first_imgLeave this field empty if you’re human: Those symptoms typically go away after three or four days. But about 15 percent of people then suffer a relapse, going on to develop jaundice and more severe illness. And in roughly half of that group of severe cases, the infection is fatal.There is limited annual production of yellow fever vaccine. And while an international stockpile of 6 million doses is maintained, the events of the past few years have raised fears about the capacity to respond when yellow fever threatens large populations of people.The problem in 2016 began with a large, rolling outbreak in Angola that eventually spread to Kinshasa, a city of 11.6 million people. When the DRC government decided to preemptively vaccinate in Kinshasa, there was not enough vaccine in the international stockpile to undertake the job.(Brazil, which has recorded an alarming number of cases of yellow fever in people and in monkeys near Sao Paolo and Rio de Janeiro in recent months, is using fractional doses to vaccinate in and around those cities.)The World Health Organization, based on expert advice, recommended using a fractional dose. The plan was to follow up a year later with a second fractional dose to ensure long-term protection. Joachim Hombach, head of immunization policy for WHO, said the recommendation for a followup shot may be waived if study participants show they retain good antibody responses a year after vaccination.Casey said the researchers went back to the people they studied to assess antibody levels at the one-year point. They are still analyzing the data, and expect to be able to publish findings in the next few months.The study monitored 716 people who were vaccinated during the Kinshasa campaign, looking for antibodies in their blood after vaccination as a measure of whether the vaccine worked. The study could not actually assess whether the vaccine was protective because the outbreak was waning by the time the vaccination campaign got underway.Nearly 500 of the people enrolled had no antibodies to yellow fever when the trial started and 98 percent of them “sero-converted” — meaning they developed what is thought to be protective levels of antibodies when they were checked a month after vaccination. HealthEvidence from the field: Fractional doses of yellow fever vaccine provided protection, study finds Newsletters Sign up for Morning Rounds Your daily dose of news in health and medicine. Senior Writer, Infectious Disease Helen covers issues broadly related to infectious diseases, including outbreaks, preparedness, research, and vaccine development. ‘We didn’t expect this’: A historic yellow fever outbreak spreads in Brazil @HelenBranswell By Helen Branswell Feb. 14, 2018 Reprints Related: Please enter a valid email address. Privacy Policy A health worker in Kinshasa carries a supply of yellow fever vaccine. EDUARDO SOTERAS/AFP/Getty Images The other people had some antibodies at the start, suggesting they had either been previously vaccinated against yellow fever or they had contracted it at some point. Only 66 percent of them recorded an antibody rise after vaccination, but the lack of response in some isn’t alarming. A full dose of vaccine and infection with yellow fever are both thought to confer life-long immunity to the virus.Experts consider these results very promising, but warned this doesn’t mean the vaccine dose can be lowered for everyone. Duane Gubler, a world expert in yellow fever, suggested there aren’t data to indicate how long the protection from a fractional dose lasts.Dr. Erin Staples, senior author of the paper and a yellow fever expert in CDC’s vectorborne diseases operation at Fort Collins, Colo., said the early results are fueling questions about whether the vaccine dose could be lowered and whether using a lower dose would reduce the rate of adverse reactions to the vaccine. Yellow fever vaccine is one of the more reactogenic vaccines, meaning it can cause discomfort. And in rare cases, it can trigger serious illness.“It’s a theoretical potential benefit. But until we have data, we can’t say for sure if it will or won’t improve it — but that’s something that we hope to get data on,” Staples said.The WHO’s Hombach said fractional dosing should be used as a last resort only until it is known how long protection from a fractional dose lasts, whether smaller doses work as well in young children, and whether vaccines from other manufacturers work as well as the one used in the study.“It’s a way of having some surge capacity,” he told STAT. “I think we need to really confine it to emergency situations…. Because I think it is one of the few tools that we have, indeed, if we need to counter an outbreak and we are running short of vaccine supplies.” Helen Branswell About the Author Reprints A 2016 emergency yellow fever vaccination campaign that had to resort to using smaller than standard doses because of a global vaccine shortage appears to have protected the people who were vaccinated, a new study suggests.People who received a fractional dose — one-fifth the standard size — showed strong immune responses a month after they received the single dose of vaccine, the authors reported in the New England Journal of Medicine.While the study — conducted during a mass vaccination campaign in Kinshasa, capital of the Democratic Republic of Congo — is not the first to provide hints that fractional doses of yellow fever vaccine are effective, it was the first such study undertaken outside the artificial confines of a laboratory.advertisement “This is really the first evidence for a fractional dose coming from a vaccination campaign setting and in the context of an outbreak,” said Dr. Rebecca Casey, first author of the study and a scientist with the Center for Disease Control and Prevention’s global immunization division.Yellow fever is a serious, and sometimes fatal, disease. People who contract the virus, which spread through the bite of infected mosquitoes, can experience an array of symptoms — fever, headache, backache, and muscle pains, loss of appetite, and nausea or vomiting.advertisement Tags Vaccineslast_img read more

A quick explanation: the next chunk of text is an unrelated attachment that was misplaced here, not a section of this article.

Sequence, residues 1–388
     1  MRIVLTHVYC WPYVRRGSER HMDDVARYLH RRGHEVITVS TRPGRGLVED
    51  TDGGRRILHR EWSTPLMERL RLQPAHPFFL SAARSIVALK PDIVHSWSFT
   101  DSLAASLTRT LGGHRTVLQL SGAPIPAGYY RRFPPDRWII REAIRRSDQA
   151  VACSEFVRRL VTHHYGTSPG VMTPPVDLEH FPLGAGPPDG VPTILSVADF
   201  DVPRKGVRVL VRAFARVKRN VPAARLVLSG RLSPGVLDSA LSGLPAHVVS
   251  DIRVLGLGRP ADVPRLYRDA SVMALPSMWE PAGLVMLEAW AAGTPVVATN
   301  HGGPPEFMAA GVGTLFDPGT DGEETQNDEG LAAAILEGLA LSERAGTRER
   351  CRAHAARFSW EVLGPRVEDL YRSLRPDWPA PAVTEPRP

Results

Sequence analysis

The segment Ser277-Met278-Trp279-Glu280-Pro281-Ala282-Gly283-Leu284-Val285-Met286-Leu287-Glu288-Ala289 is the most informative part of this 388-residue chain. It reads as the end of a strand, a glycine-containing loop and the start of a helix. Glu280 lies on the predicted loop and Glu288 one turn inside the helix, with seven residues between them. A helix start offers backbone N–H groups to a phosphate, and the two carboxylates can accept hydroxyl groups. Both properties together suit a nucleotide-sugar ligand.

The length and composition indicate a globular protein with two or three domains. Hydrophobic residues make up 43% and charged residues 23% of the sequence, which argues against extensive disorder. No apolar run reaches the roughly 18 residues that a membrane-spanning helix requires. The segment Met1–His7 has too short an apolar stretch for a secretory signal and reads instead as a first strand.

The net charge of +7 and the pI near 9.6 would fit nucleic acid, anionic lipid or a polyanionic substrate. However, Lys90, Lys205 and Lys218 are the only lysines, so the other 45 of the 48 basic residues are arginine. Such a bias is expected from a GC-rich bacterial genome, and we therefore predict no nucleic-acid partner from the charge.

Acadia Pharma raised the price of its only drug twice but quarterly sales still disappoint

first_img Daily reporting and analysis The most comprehensive industry coverage from a powerhouse team of reporters Subscriber-only newsletters Daily newsletters to brief you on the most important industry news of the day STAT+ Conversations Weekly opportunities to engage with our reporters and leading industry experts in live video conversations Exclusive industry events Premium access to subscriber-only networking events around the country The best reporters in the industry The most trusted and well-connected newsroom in the health care industry And much more Exclusive interviews with industry leaders, profiles, and premium tools, like our CRISPR Trackr. @adamfeuerstein Unlock this article by subscribing to STAT+ and enjoy your first 30 days free! GET STARTED GET STARTED STAT+ is STAT’s premium subscription service for in-depth biotech, pharma, policy, and life science coverage and analysis. Our award-winning team covers news on Wall Street, policy developments in Washington, early science breakthroughs and clinical trial results, and health care disruption in Silicon Valley and beyond. Acadia Pharmaceuticals (ACAD) either didn’t receive — or is ignoring — the Big Pharma etiquette memo about easing back on egregious drug-price hikes.During the fourth quarter, the San Diego-based company acknowledged Tuesday night, it took two price increases for Nuplazid, a pill used to quell hallucinations and delusions often experienced by people with advanced Parkinson’s disease. About the Author Reprints Log In | Learn More What’s included? What is it? Acadia Pharma raised the price of its only drug twice but quarterly sales still disappoint [email protected] Tags biotechdrug pricesSTAT+ By Adam Feuerstein Feb. 28, 2018 Reprints Senior Writer, Biotech Adam is STAT’s national biotech columnist, reporting on the intersection of biotech and Wall Street. He’s also a co-host of “The Readout LOUD” podcast. Adam’s Take Adam Feuersteinlast_img read more